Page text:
Best Buy Award: The North Face Osito 2
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Our Best Buy award winner is cozy, warm, and reasonably price, and makes a great around-town jacket or layer under a shell.
Credit: Norah S. Siller

The North Face Osito 2 is our Best Buy pick. This updated version of the older Osito model is a great around-town jacket. The silky raschel material on the Osito 2 leaves you feeling like you're being hugged by Elmo all day long, and it will keep you warm too. This jacket has plenty of room for layering underneath and has a slightly tapered silhouette, and it makes a great outer layer for cool fall days. It will even fit under a shell in winter, meaning you'll get a lot of use out of this jacket, without the price of a more technical fleece. There isn't a lot of breathability in this piece, so you won't want to wear it on your next hike, but this does make a cozy layer for running errands or heading out on cold nights. You might even be mistaken for a Muppet in some of the brighter colors!

Top Pick Award: Patagonia R1 Hoody
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Stealth ninja climbing in our Top Pick winner, the R1 Hoody.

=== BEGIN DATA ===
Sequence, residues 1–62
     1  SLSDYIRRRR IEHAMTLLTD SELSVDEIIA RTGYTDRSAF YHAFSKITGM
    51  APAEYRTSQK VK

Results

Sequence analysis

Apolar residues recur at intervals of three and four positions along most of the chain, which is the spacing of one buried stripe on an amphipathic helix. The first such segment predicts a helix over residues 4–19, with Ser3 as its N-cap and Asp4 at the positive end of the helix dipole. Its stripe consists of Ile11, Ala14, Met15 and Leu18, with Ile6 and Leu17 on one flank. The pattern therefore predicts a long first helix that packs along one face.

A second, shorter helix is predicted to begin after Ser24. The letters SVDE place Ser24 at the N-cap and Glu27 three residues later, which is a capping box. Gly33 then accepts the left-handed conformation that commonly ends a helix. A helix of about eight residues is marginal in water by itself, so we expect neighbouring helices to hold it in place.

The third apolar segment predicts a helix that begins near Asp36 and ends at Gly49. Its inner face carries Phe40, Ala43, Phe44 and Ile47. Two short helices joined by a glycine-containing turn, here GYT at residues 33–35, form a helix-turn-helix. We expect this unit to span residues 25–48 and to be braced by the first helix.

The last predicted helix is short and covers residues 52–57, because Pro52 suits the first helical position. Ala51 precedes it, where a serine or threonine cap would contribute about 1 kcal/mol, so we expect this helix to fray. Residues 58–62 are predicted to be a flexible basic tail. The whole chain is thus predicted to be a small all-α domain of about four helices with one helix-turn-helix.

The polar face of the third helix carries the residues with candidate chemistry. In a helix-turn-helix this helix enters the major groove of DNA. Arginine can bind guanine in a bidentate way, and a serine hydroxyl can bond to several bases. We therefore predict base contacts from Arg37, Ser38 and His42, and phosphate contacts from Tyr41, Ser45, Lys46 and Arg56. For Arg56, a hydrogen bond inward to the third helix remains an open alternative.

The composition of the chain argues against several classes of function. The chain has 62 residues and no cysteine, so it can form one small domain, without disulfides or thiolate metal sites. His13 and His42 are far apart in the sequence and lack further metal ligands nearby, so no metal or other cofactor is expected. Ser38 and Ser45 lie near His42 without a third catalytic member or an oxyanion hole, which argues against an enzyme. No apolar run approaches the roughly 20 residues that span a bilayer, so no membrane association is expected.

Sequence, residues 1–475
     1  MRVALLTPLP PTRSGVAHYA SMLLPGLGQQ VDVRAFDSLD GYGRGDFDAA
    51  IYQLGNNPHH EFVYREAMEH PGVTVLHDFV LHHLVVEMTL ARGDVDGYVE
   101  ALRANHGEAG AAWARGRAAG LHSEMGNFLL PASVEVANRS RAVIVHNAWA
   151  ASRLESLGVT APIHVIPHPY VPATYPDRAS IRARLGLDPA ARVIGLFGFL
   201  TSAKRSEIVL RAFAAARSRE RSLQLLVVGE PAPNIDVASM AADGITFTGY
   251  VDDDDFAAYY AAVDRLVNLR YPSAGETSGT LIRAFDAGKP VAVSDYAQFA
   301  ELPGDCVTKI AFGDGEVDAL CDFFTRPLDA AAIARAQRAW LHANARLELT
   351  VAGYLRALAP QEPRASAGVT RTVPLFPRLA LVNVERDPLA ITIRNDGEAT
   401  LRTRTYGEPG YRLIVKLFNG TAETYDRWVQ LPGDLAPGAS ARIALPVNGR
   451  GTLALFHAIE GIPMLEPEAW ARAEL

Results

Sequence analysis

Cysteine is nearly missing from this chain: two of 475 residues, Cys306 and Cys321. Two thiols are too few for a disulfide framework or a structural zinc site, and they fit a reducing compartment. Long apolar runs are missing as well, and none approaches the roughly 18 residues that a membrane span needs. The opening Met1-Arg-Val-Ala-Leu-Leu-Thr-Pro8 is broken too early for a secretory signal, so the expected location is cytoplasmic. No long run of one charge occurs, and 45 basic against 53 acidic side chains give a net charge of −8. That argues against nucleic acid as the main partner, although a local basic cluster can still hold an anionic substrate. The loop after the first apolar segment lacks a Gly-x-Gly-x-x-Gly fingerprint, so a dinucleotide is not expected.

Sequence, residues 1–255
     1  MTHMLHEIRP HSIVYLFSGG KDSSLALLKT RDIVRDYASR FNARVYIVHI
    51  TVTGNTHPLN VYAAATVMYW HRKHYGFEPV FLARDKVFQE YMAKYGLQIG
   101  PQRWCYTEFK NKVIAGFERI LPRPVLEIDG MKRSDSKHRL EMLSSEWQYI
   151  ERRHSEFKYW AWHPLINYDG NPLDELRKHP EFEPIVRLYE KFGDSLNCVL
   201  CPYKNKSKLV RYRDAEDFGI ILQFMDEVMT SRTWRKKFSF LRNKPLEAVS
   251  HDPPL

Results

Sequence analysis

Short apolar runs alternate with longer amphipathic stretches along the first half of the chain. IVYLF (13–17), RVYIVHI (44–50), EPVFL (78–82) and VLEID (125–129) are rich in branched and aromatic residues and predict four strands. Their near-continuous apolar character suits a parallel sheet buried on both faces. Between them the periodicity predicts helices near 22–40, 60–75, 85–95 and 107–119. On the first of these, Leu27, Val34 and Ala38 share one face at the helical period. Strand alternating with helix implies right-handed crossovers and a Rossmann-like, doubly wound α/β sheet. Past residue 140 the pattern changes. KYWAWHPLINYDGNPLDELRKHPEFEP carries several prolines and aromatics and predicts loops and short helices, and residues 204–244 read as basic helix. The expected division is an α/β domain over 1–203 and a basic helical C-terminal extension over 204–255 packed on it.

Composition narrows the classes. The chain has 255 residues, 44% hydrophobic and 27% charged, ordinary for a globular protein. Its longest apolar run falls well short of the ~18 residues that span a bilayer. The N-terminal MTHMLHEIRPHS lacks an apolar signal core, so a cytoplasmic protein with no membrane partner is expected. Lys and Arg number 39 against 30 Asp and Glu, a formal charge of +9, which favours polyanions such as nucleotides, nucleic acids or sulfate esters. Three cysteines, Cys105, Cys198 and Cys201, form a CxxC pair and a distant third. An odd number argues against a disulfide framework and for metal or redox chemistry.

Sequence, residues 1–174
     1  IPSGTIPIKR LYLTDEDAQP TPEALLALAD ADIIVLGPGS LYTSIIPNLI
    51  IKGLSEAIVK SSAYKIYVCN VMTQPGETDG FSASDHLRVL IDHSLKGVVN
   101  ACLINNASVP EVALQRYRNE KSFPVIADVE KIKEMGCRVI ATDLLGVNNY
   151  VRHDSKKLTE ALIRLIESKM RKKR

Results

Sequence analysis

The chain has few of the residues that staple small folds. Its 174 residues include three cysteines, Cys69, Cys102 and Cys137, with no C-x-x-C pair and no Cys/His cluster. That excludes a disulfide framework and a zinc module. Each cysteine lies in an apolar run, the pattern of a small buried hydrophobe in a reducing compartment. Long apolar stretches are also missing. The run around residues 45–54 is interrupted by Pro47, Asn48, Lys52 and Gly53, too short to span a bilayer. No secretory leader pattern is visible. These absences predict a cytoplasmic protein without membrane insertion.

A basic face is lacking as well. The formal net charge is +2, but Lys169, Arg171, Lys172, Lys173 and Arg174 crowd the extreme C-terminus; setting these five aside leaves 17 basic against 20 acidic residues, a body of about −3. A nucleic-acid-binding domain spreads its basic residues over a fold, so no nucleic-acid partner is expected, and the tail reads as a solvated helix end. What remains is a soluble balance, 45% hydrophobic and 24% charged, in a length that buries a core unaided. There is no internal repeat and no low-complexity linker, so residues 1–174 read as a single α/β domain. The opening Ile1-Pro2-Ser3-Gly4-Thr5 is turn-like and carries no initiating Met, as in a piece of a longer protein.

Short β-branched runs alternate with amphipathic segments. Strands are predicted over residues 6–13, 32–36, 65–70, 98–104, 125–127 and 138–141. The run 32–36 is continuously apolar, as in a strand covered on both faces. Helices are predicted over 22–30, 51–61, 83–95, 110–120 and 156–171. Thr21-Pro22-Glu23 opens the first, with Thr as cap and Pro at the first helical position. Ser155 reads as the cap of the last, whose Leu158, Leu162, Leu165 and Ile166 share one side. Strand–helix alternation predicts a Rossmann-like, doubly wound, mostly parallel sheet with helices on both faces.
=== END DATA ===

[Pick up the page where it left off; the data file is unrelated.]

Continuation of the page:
Credit: Cam McKenzie Ring

While many other fleece jackets are retooled and redesigned from year to year, the Patagonia R1 Hoody - Women's has been largely left alone, and it is once again our Top Pick. Consistent year to year in its design and performance, it scored well in almost all of our metrics, particularly when it came to warmth, breathability, layering and ease of movement. The minimalist R1 Hoody doesn't have many stylish qualities or bells and whistles, but this is the layer to have if you partake in heavy-duty cardio activities in cold climates. The hood on this fleece makes it far more versatile as a mid-layer and it zips into a balaclava that reaches up over the nose. The interior grid fleece design breathes beautifully and the pullover features thumb loops to keep the sleeves in place (although, we must say these thumbies were a little too tight). The R1 will move with you, keep you warm and regulate body temperature, even during your most active pursuits.

Cam McKenzie Ring & Amanda Fenn